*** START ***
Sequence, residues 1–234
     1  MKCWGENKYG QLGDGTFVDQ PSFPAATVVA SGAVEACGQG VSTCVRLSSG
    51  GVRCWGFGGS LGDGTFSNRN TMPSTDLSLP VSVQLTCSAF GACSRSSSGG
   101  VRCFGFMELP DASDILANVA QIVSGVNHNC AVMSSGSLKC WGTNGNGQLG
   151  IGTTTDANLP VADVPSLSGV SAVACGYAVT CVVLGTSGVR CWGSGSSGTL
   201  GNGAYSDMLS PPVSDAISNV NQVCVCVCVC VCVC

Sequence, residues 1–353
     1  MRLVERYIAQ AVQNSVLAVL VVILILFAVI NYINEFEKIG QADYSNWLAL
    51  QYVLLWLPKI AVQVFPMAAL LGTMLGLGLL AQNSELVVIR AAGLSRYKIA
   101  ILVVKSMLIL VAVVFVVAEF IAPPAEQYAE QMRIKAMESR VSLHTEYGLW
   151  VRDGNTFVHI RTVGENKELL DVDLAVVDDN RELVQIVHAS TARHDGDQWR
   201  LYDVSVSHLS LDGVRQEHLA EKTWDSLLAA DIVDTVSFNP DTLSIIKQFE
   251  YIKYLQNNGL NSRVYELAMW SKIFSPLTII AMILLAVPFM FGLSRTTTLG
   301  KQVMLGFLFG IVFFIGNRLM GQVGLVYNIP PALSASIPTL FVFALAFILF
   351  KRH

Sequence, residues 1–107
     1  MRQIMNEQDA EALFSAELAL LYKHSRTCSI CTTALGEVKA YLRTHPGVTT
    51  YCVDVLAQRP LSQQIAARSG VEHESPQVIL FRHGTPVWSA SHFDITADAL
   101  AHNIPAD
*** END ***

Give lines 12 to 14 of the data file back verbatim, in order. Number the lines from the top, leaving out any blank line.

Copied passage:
   201  LYDVSVSHLS LDGVRQEHLA EKTWDSLLAA DIVDTVSFNP DTLSIIKQFE
   251  YIKYLQNNGL NSRVYELAMW SKIFSPLTII AMILLAVPFM FGLSRTTTLG
   301  KQVMLGFLFG IVFFIGNRLM GQVGLVYNIP PALSASIPTL FVFALAFILF